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Localization manager/translator and coach/intercultural consultant living in Berlin (Germany), passionate about diversity management and intercultural communication, self-awareness and coaching, SFBT and NVC, languages, cultures, body art, dancing, self-empowerment, and, last but not least, vegan gluten-free keto food and good movies. How about you?
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Sunday, September 29, 2013

Three fundamentals of diversity management that can help you not being rude with strangers at the next party

Wherever I go, some people tend to think that they already know me, as soon as they discover that I'm Italian.
They think to know what I think.
They believe to understand what I like or what I am going to do.
They make jokes about Italians, and maybe they consider it funny.

It doesn't matter that they don't know me.
It doesn't matter that they usually know very little about Italy and Italians.
It doesn't matter that I don't like what a lot of Italians are supposed to like.

Those people have some cliché about Italians in mind and since I am Italian, hey!, I should be like that. Or I should find funny if someone that I got to know five minutes before starts to make fun of Italy. Maybe it is an ice-breaker for them, insulting other people and make fun of them.

They don't see me.
They see just the clichés about Italians.
A living cliché, in my case.

[A beautiful Italian movie that goes beyond clichés:
Pane e tulipani (Bread and Tulips, 2000) by Silvio Soldini
starring Licia Maglietta and Bruno Ganz]

In the past, I was very angry and annoyed. Every single time.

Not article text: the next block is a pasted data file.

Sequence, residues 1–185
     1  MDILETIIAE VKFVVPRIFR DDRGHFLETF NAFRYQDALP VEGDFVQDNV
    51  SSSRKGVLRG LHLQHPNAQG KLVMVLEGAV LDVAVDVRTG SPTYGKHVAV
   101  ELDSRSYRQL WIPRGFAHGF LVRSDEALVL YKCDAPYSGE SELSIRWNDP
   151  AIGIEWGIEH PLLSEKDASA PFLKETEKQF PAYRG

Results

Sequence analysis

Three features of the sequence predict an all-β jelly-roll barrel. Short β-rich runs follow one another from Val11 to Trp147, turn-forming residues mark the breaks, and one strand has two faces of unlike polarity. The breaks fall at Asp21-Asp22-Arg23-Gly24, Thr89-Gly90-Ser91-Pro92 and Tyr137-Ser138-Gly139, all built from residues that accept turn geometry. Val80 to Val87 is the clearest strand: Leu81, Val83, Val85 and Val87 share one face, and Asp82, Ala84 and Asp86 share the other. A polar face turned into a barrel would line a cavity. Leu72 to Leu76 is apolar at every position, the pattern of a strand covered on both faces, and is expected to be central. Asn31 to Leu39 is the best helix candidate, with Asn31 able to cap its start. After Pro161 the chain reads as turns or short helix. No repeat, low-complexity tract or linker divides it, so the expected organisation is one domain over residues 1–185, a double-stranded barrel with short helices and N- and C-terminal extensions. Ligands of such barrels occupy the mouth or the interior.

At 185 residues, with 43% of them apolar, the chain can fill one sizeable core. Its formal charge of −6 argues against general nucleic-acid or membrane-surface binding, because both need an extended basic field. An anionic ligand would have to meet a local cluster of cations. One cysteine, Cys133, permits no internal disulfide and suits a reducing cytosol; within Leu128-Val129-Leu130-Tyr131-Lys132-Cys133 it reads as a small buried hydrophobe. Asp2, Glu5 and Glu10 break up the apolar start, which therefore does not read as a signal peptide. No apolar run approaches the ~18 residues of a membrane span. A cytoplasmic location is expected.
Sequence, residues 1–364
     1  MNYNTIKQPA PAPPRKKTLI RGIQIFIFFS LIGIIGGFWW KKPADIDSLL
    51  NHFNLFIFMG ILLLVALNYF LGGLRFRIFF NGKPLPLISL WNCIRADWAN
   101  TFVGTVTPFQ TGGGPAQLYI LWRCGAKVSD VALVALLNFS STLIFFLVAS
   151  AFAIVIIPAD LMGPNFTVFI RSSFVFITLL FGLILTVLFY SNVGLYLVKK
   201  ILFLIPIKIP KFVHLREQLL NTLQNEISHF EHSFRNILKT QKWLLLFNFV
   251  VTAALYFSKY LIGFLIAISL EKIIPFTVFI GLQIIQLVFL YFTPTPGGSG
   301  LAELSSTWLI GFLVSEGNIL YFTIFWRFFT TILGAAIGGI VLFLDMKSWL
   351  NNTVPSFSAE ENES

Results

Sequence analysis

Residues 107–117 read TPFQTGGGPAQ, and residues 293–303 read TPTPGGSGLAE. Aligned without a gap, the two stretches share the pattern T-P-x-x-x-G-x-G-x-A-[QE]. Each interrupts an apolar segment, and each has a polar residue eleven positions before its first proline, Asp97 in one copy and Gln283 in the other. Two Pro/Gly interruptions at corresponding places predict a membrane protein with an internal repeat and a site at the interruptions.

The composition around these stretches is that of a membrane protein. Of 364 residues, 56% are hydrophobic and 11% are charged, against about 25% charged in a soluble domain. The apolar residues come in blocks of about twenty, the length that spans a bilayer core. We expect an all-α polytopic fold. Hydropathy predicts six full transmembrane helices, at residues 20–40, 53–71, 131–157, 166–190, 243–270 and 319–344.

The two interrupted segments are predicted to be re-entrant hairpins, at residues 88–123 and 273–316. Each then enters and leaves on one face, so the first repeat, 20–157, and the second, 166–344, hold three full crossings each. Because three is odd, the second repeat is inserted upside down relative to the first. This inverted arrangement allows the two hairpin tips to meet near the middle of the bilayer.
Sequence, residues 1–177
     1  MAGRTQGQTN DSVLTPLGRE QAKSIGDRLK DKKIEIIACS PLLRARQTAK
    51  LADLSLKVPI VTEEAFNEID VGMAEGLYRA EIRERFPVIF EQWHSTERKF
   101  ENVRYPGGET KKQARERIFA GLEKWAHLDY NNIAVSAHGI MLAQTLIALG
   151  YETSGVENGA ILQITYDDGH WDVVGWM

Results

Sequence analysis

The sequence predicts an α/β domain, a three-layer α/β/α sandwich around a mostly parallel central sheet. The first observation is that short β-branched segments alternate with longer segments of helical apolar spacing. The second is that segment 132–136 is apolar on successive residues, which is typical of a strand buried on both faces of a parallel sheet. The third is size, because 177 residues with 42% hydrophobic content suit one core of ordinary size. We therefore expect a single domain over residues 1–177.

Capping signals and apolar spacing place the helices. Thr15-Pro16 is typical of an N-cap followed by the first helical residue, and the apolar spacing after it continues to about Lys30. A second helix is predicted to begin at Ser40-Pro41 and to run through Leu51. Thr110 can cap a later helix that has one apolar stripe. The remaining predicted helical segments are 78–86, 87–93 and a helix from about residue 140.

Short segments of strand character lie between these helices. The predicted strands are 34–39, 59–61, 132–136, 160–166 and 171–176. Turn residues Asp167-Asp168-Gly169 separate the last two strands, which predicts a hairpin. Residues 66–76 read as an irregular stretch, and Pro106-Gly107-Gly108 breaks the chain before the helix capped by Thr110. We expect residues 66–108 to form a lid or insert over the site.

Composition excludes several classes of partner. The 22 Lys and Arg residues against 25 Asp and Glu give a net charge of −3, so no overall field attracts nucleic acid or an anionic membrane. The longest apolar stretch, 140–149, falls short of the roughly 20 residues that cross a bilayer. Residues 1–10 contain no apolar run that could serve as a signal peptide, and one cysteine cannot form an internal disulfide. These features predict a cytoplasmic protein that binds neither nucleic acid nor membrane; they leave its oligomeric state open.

Now? Now I smile. And I nod. And I go away as soon as I can without drama. Why?

Discussing and arguing and fighting about it with superficial people is just not worth my time anymore. I am not going to make them change their mind and I don't want to either. People can accept and be respectful towards diversity only if they want it. 

But... if you don't want to be rude while doing the same with someone else (maybe at the next party...), remember three fundamentals of diversity management:
#1. Each person is different, special and unique. Do you know someone else who is exactly like you?
#2. Each person is not only part of a community, but also an individual with individual needs and thoughts. Do you agree with each aspect of your culture and tradition or do you have ideas on your own as well?
#3. Each person deserves respect and attention, no matter how different from you the person could be - or just appears to be. Are you sure that you don't have anything in common with the person?

Tags: Clichés about Italians, Bread and Tulips, Diversity Management

What to read next:
While dealing with (stupid) cultural stereotypes, repeat after me: I'm not Marlon Brando, you're not Marlon Brando

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